Participants were randomly assigned (1:1, stratified by sex because females with schizophrenia have a better course31 and may respond better to CT32) to the study intervention condition, CT plus standard treatment (ST), or to the control condition, ST alone, using an encrypted computer-generated randomization list. Personnel enrolling patients did not have access to this list. A single-blind design was used in which outcome assessors were not aware of assigned study condition. To maintain blinding, the assessment team was managed separately from the therapy team (in terms of personnel, physical location, and file access), and all participants were trained to not reveal their study condition prior to each follow-up assessment. (A total of 3 patients broke this rule at the 18-month assessment, 2 receiving CT and 1 receiving ST. Two of these patients were rated as unchanged on the primary outcome measure; 1 patient receiving CT was rated as improved modestly [6 points]. Even if this latter rating were inflated, it does not alter the pattern or significance of the results.) Furthermore, all available raters (6 of 7) were asked to guess the patient condition for each of their follow-up assessments (n = 103); assessors made 50 correct guesses and 53 incorrect guesses, a chance level of accuracy. Treatment assignment was known to therapists, patients, and, for legal reasons, the treating psychiatrist. Other members of each patient's nonstudy treatment teams (eg, group therapists, case managers) were not informed of treatment assignment.
Participants in the CT intervention were scheduled to receive up to 18 months of outpatient CT sessions. The sessions typically lasted 50 minutes and were scheduled on a weekly basis; however, based on the participant's needs and progress, the duration and frequency of sessions as well as duration of treatment were flexible. The central features of this psychotherapy were its goal-directed framework and personalized treatment planning. Early sessions focused on engaging the patient and strengthening the therapeutic relationship. Therapy aimed to stimulate patients' interest and motivation to focus respectively on achievable long-term goals (eg, independent housing, employment, relationships), intermediate goals, and short-term goals. Key impediments to reaching these goals are dysfunctional beliefs (eg,“taking even a small risk is foolish because the loss is likely to be a disaster” and“making new friends isn't worth the energy it takes”). The therapists helped patients to undercut their nihilistic beliefs and concomitantly increase their motivation for constructive activity by using a variety of cognitive and behavioral techniques, including activities during the session (eg, exercises, games, role-playing, community outings) and collaboratively devised action plans for practice outside the session. Other impediments to reaching the goals such as the presence of delusions, hallucinations, and disorganized thinking were also addressed by strategies outlined by Beck et al.33 Further, specific deficiencies such as deficits in attention, executive function, and social skills were targets for the therapy. Later sessions were devoted to consolidation of functional gains and relapse prevention. The treatment was tailored to the participant's level of functioning, such that special adaptations were made for problems due to poor engagement, neurocognitive impairment, thought disorder, and lack of insight. To accommodate neurocognitive impairments, for example, therapists made extensive use of visual aids, including whiteboards for reinforcing session material, laminated cards to help patients remember key take-home points, and colorful signs that patients posted at home to remind them of daily activities and other therapy assignments. The CT sessions followed a treatment manual and were administered by therapists at the doctoral level (PhD and MD). Sessions were videorecorded, and weekly supervision was provided by one of us (A.T.B.).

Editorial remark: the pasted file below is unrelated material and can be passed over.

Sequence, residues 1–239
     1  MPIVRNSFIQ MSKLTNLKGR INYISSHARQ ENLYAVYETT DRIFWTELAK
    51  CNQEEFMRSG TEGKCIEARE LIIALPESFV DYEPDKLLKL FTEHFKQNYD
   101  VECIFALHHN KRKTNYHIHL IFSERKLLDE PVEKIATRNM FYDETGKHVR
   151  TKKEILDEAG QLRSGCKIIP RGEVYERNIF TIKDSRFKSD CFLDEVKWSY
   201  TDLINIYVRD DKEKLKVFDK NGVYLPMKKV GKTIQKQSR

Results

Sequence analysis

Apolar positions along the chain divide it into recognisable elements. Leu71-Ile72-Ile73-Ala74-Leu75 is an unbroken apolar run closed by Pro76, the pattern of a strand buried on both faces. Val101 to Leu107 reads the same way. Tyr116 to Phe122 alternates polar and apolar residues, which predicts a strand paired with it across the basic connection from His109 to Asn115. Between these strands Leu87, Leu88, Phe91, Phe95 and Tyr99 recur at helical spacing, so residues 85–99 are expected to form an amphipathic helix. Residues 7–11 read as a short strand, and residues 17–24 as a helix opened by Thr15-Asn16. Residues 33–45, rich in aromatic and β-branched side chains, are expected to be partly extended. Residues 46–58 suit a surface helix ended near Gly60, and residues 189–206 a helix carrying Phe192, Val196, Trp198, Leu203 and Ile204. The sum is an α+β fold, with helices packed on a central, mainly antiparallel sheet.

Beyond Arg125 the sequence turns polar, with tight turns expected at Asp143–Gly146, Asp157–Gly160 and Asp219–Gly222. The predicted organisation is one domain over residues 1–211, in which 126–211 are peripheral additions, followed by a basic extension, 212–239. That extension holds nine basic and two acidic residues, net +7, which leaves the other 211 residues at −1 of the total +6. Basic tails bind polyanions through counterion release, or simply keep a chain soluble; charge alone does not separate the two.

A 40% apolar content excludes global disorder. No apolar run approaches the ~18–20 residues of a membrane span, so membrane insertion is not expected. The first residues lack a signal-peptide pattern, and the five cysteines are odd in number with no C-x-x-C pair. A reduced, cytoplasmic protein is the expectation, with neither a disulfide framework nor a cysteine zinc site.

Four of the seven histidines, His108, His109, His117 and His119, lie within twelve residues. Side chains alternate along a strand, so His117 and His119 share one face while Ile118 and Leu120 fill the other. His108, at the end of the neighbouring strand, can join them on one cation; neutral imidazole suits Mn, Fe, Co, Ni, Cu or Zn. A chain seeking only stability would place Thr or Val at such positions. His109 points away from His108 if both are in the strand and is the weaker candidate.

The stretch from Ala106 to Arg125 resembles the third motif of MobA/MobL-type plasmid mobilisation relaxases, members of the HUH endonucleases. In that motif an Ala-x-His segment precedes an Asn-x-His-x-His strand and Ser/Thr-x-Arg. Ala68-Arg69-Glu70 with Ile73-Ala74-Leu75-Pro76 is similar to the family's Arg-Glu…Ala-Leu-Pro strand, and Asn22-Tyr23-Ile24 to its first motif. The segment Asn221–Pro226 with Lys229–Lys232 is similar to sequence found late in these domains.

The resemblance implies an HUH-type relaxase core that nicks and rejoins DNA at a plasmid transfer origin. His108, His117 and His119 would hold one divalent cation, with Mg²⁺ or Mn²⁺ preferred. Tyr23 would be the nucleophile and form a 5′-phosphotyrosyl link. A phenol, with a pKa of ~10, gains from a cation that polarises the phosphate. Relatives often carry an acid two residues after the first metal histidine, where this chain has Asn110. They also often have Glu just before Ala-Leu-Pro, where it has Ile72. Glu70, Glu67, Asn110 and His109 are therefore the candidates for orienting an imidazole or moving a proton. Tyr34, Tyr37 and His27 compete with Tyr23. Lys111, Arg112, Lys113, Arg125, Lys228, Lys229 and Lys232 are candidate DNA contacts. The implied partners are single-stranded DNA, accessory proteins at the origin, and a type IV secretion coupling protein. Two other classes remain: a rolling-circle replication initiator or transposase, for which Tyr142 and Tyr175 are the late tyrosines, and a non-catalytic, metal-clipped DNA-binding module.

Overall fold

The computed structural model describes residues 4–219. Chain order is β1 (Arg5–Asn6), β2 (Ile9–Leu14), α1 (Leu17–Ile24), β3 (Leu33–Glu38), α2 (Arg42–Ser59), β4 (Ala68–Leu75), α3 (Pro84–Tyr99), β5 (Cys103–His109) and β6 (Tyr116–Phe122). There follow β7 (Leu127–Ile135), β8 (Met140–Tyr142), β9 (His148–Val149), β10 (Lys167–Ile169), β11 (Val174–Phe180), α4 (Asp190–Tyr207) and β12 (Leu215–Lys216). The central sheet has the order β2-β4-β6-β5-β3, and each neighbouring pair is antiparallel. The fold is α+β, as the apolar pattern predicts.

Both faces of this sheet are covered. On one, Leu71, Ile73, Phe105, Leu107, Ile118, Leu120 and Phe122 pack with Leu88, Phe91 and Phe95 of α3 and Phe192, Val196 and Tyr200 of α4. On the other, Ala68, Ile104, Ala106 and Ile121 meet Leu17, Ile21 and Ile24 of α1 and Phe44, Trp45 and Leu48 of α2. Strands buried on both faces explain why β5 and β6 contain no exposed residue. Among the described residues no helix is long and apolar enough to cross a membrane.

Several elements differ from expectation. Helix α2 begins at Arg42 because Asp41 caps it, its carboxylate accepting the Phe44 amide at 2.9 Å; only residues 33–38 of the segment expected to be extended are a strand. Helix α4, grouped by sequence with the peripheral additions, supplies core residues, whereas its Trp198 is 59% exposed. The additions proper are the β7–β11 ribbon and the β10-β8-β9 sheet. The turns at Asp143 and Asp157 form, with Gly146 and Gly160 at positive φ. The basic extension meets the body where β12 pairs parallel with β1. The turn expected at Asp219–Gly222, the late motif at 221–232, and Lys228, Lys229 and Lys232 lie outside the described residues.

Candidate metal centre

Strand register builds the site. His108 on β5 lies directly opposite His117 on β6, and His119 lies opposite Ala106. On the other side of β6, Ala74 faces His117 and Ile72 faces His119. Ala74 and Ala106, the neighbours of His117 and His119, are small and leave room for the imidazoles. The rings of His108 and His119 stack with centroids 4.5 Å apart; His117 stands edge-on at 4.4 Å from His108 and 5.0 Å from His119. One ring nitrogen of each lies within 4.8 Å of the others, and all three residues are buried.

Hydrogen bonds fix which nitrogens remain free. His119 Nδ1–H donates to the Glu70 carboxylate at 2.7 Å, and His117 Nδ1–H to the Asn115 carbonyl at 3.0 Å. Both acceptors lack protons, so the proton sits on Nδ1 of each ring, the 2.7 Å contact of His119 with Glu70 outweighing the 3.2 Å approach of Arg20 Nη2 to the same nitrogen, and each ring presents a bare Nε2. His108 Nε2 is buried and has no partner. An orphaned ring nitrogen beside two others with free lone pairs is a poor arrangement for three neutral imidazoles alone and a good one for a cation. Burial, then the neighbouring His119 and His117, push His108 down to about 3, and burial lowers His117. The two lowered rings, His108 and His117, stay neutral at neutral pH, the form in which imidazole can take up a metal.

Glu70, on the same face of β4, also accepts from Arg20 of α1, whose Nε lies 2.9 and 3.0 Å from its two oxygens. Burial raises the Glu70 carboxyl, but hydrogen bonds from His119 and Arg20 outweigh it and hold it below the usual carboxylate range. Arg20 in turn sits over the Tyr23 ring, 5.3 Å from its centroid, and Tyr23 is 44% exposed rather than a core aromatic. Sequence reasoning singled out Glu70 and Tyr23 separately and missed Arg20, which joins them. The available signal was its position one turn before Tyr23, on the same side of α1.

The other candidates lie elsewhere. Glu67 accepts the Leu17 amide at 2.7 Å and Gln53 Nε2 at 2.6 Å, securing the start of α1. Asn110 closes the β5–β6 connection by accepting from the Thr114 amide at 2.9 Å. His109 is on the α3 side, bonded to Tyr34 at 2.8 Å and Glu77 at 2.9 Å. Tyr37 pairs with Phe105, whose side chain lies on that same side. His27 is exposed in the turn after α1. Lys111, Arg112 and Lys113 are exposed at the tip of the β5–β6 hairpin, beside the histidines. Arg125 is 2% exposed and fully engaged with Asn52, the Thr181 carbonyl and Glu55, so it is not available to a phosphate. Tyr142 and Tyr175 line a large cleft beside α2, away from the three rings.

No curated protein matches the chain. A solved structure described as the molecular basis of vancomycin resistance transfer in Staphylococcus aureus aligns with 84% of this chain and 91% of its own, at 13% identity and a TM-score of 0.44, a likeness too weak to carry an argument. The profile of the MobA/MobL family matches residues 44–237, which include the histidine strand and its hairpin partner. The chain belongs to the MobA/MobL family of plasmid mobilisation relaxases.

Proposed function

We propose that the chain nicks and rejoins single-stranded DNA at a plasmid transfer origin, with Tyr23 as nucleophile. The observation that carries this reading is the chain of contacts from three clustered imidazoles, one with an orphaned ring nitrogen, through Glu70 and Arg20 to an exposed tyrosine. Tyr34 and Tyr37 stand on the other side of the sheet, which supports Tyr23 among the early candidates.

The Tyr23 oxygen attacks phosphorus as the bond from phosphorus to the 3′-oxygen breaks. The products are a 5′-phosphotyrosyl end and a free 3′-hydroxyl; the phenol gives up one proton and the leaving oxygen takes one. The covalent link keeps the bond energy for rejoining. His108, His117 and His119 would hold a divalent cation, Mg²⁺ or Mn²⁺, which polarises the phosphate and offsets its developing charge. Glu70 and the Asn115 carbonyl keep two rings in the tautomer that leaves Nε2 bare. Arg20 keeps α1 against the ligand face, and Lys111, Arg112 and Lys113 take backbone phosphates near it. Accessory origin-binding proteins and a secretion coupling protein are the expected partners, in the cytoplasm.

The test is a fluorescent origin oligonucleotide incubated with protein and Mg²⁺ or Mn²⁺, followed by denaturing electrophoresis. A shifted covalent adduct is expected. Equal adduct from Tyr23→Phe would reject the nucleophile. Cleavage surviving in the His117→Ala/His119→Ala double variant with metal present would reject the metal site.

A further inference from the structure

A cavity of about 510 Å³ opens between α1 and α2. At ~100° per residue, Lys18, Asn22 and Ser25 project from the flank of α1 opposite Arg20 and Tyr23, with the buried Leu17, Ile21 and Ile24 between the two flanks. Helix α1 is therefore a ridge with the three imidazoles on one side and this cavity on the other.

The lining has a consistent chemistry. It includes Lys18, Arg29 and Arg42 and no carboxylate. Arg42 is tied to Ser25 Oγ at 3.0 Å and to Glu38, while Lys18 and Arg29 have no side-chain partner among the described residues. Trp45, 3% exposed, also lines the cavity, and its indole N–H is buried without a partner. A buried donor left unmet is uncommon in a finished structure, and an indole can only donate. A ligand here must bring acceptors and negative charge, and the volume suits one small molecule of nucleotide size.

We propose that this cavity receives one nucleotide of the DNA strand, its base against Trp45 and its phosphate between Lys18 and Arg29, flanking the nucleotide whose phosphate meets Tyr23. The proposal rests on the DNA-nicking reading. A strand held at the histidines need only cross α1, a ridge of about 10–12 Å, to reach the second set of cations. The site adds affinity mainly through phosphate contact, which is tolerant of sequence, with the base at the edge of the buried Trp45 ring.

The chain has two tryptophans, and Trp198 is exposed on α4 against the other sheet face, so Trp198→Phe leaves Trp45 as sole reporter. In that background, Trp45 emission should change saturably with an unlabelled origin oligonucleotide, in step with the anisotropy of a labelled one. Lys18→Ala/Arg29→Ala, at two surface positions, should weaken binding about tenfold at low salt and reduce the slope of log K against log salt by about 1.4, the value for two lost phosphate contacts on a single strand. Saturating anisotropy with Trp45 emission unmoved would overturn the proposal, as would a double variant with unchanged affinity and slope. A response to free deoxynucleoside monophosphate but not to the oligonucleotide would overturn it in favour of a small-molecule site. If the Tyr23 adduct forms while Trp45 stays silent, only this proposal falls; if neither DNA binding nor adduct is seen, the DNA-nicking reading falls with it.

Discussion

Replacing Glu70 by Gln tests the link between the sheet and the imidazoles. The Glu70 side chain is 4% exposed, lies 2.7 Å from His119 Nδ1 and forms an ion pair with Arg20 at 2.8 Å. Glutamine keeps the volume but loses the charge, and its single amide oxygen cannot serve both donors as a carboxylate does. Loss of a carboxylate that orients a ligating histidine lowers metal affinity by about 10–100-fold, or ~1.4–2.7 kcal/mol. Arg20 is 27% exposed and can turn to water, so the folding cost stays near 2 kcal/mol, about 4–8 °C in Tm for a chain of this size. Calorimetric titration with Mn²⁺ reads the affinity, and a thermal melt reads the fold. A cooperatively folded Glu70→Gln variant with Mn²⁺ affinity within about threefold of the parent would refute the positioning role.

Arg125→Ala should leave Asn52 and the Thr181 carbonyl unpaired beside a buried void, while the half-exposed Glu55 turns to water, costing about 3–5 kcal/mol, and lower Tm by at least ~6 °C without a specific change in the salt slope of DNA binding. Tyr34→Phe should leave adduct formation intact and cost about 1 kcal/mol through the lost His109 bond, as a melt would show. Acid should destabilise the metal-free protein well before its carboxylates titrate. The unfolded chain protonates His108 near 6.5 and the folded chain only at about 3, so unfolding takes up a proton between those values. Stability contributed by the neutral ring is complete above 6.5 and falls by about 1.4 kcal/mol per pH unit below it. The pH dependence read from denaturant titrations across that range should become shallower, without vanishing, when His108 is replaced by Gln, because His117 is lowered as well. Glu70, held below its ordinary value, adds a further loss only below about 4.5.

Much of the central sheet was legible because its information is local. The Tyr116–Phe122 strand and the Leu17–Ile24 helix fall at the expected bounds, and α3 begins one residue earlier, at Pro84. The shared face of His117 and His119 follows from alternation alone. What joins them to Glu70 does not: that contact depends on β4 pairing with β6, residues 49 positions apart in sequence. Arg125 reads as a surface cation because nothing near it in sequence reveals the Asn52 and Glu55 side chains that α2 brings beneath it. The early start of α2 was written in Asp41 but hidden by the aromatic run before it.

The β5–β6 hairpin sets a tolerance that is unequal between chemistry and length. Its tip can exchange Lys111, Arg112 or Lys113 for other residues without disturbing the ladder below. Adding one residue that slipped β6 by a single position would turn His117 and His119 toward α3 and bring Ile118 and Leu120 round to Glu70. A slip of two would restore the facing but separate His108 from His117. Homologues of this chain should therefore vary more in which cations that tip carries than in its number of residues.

Participants in both study conditions received ST from clinicians in the community. At minimum, this consisted of antipsychotic pharmacotherapy. However, most participants were also actively engaged in services provided by local community mental health centers, including case management, supportive counseling, day treatment services, housing services, peer support, and vocational rehabilitation.
The primary objective of adding CT to ST was to aid the progress of patients with schizophrenia toward recovery by producing a clinically significant change in their functional outcome. The Global Assessment Scale (GAS)34 score was the primary outcome measure. The GAS is a single-item interviewer-scored instrument that assesses functioning level and symptoms during the previous month. The rating is made on a 100-point scale, with lower scores indicating poorer functioning. Endicott et al34 demonstrated test-retest reliability and predictive validity (rehospitalization rates) for the GAS in patients with schizophrenia. Secondary measures were the 4 global subscale scores of the Scale for the Assessment of Negative Symptoms (SANS)29 and the total score of the Scale for the Assessment of Positive Symptoms (SAPS).35 The reliability and validity of the SANS and SAPS have been demonstrated.36 A recent consensus statement has proposed the SANS and SAPS as standard measures of negative and positive symptoms.37